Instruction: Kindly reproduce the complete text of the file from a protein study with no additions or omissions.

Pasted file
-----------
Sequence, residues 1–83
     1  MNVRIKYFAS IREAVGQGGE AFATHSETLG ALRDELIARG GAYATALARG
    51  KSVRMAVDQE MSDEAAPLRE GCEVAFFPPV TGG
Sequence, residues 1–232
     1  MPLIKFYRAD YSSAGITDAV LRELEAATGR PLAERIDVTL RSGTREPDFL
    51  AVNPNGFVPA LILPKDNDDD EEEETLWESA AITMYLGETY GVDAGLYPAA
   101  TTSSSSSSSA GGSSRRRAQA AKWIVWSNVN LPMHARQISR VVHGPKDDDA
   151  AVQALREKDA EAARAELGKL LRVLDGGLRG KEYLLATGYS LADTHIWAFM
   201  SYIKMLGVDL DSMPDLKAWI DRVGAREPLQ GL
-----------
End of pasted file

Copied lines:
Sequence, residues 1–83
     1  MNVRIKYFAS IREAVGQGGE AFATHSETLG ALRDELIARG GAYATALARG
    51  KSVRMAVDQE MSDEAAPLRE GCEVAFFPPV TGG
Sequence, residues 1–232
     1  MPLIKFYRAD YSSAGITDAV LRELEAATGR PLAERIDVTL RSGTREPDFL
    51  AVNPNGFVPA LILPKDNDDD EEEETLWESA AITMYLGETY GVDAGLYPAA
   101  TTSSSSSSSA GGSSRRRAQA AKWIVWSNVN LPMHARQISR VVHGPKDDDA
   151  AVQALREKDA EAARAELGKL LRVLDGGLRG KEYLLATGYS LADTHIWAFM
   201  SYIKMLGVDL DSMPDLKAWI DRVGAREPLQ GL